Figure 10 gives the inductance curve Le(X). Inductance will typically increase in the rear direction from the zero rest position as the voice coil covers more pole area, which is what happens here. The inductive swing from Xmax in to Xmax out is about 1.03 mH, typical for a four-layer voice coil of this diameter. You could probably decrease that by installing an aluminum shorting ring at the base of the motor, but it is hard to say if that would make any significant improvement to the overall subjective sound quality of this transducer.
Next, I mounted the RV3143 in an enclosure, which had a 15” × 15” baffle that was filled with damping material (foam) and then measured the transducer on and off axis from 300 Hz to 10 kHz frequency response at 2.83 V/1 m, using the Linear LMS analyzer set to a 100-point gated sine wave sweep. Figure 11 gives the Volt RV3143 on-axis response, indicating a smoothly rising response to 1 kHz, followed by some surround breakup modes between 1.5 kHz to 3 kHz. As I already mentioned, the intended application for this driver was as a woofer in a three-way design that would transition to a midrange such as the Volt VM752 or the new Volt VM527 somewhere between 300 Hz to 500 Hz, although a cross point as high as 1 kHz to 1.5 kHz would certainly be possible.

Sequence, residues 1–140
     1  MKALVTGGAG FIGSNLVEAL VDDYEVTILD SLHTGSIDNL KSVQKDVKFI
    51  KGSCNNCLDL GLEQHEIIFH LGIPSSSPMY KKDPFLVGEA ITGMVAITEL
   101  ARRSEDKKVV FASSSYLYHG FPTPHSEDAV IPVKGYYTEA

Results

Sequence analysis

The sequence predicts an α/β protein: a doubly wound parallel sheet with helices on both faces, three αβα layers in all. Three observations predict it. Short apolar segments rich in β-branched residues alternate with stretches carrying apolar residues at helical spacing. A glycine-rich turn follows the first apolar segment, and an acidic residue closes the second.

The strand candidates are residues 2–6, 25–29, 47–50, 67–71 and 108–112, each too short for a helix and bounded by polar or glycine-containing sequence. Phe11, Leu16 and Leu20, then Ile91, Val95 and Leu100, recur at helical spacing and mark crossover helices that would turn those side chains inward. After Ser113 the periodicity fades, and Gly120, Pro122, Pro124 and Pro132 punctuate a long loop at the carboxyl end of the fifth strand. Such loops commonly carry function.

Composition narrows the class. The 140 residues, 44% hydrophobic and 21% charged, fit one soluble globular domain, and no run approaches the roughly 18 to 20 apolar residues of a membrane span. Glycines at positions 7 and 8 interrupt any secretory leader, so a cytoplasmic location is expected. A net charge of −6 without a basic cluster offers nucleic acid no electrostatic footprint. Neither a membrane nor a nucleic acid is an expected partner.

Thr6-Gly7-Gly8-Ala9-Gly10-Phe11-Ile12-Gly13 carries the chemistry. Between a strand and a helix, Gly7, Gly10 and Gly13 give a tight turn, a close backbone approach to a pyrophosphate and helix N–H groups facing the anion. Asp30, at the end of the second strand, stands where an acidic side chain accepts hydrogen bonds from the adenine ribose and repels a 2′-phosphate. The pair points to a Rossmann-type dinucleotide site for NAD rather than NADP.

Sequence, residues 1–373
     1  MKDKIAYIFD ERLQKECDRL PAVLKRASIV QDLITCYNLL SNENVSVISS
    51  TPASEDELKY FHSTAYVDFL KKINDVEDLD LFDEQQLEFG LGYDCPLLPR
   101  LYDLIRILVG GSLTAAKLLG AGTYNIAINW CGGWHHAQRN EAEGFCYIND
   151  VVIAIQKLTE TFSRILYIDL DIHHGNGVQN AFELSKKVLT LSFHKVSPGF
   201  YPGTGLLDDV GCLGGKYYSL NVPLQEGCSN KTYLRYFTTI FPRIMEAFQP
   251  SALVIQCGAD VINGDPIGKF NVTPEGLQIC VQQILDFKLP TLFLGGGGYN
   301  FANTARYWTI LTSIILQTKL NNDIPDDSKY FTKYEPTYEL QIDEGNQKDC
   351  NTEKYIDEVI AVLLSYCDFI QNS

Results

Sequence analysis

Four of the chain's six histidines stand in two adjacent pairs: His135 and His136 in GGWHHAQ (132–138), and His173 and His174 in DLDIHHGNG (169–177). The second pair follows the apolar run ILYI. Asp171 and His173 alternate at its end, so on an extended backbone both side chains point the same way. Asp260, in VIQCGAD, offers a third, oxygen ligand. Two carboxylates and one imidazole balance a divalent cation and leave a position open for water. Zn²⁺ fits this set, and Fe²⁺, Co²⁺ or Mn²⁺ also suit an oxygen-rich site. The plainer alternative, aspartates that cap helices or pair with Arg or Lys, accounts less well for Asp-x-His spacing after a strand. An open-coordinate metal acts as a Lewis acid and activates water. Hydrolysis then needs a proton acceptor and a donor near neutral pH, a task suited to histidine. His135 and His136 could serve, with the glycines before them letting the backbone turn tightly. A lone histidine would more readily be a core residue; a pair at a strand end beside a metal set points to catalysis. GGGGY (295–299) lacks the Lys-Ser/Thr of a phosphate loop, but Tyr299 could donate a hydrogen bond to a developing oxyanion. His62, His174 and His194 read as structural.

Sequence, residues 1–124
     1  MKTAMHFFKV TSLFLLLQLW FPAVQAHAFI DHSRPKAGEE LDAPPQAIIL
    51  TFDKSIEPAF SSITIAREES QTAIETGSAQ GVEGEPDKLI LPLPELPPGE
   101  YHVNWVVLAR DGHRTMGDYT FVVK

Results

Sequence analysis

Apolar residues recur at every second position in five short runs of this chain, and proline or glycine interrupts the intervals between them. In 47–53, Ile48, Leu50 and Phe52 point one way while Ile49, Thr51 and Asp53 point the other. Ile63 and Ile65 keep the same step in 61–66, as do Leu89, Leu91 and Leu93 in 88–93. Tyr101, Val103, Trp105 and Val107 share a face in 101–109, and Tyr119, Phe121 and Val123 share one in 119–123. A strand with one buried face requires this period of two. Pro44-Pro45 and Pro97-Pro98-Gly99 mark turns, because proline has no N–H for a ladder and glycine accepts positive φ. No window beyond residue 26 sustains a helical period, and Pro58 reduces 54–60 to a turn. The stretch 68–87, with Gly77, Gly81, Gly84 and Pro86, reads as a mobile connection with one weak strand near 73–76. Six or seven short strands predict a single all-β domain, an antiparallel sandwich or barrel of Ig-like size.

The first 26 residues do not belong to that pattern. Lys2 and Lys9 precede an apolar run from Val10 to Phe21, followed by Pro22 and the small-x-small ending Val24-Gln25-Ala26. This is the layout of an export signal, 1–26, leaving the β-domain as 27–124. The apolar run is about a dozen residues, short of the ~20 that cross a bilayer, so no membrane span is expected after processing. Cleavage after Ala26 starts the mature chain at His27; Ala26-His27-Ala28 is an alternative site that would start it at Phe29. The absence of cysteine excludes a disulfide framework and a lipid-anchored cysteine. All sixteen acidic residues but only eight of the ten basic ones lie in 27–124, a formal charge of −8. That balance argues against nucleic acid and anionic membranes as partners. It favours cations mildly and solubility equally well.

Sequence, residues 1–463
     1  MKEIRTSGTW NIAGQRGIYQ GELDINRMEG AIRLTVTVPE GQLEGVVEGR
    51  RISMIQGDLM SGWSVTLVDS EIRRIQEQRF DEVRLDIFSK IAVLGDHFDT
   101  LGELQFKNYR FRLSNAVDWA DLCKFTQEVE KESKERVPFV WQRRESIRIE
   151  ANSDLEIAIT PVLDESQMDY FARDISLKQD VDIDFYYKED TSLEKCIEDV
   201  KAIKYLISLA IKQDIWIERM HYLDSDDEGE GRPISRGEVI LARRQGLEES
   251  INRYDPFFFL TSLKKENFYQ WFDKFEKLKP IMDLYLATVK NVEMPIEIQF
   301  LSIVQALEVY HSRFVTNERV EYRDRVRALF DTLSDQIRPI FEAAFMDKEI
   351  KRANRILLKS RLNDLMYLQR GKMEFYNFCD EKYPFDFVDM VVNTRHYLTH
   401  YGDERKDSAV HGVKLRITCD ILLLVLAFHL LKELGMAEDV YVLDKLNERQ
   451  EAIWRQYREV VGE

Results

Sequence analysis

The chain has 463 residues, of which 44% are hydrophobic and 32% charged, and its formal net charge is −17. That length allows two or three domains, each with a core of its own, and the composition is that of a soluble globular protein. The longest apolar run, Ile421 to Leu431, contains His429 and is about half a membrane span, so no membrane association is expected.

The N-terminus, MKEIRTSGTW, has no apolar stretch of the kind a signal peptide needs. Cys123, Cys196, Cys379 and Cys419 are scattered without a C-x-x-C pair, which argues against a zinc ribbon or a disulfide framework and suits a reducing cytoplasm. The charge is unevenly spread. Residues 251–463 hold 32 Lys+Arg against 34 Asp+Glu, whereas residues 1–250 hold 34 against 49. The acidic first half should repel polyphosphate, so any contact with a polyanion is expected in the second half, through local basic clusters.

Figure 12 displays the on- and off-axis frequency response at 0°, 15°, 30°, and 45°. Figure 13 gives the off-axis curves normalized to the on-axis response, with the CLIO 180° polar plot (measured in 10° increments) depicted in Figure 14. The two-sample SPL comparison is illustrated in Figure 15, indicating the two samples were closely matched within less than 1 dB out to close to 3 kHz.
For the remaining tests, I employed the Listen AmpConnect analyzer with SoundCheck V15 along with the Listen Inc. 0.25” SCM microphone and power supply (courtesy of Listen, Inc.) to measure distortion and generate time-frequency plots. For the distortion measurement, I mounted the RV3143 rigidly in free air and used a noise stimulus to set the SPL to 94 dB at 1 m (6.74 V). Then, I measured the distortion with the microphone placed 10 cm from the dust cap. This produced the distortion curves shown in Figure 16. I used SoundCheck to get a 2.83 V/1 m impulse response and imported the data into Listen’s SoundMap Time/Frequency software. Figure 17 shows the resulting CSD waterfall plot. Figure 18 shows the Wigner-Ville plot.
I am certainly impressed with Volt’s Radial Technology, as it solves the problem of power compression that is exacerbated by the build up of heat in an enclosure, especially in pro sound PA and studio monitor applications. Regardless, the Volt RV3143 is a well-engineered woofer with some really unique features. For more information, visit www.voltloudspeakers.co.uk. VC
This article was originally published in Voice Coil, December 2017.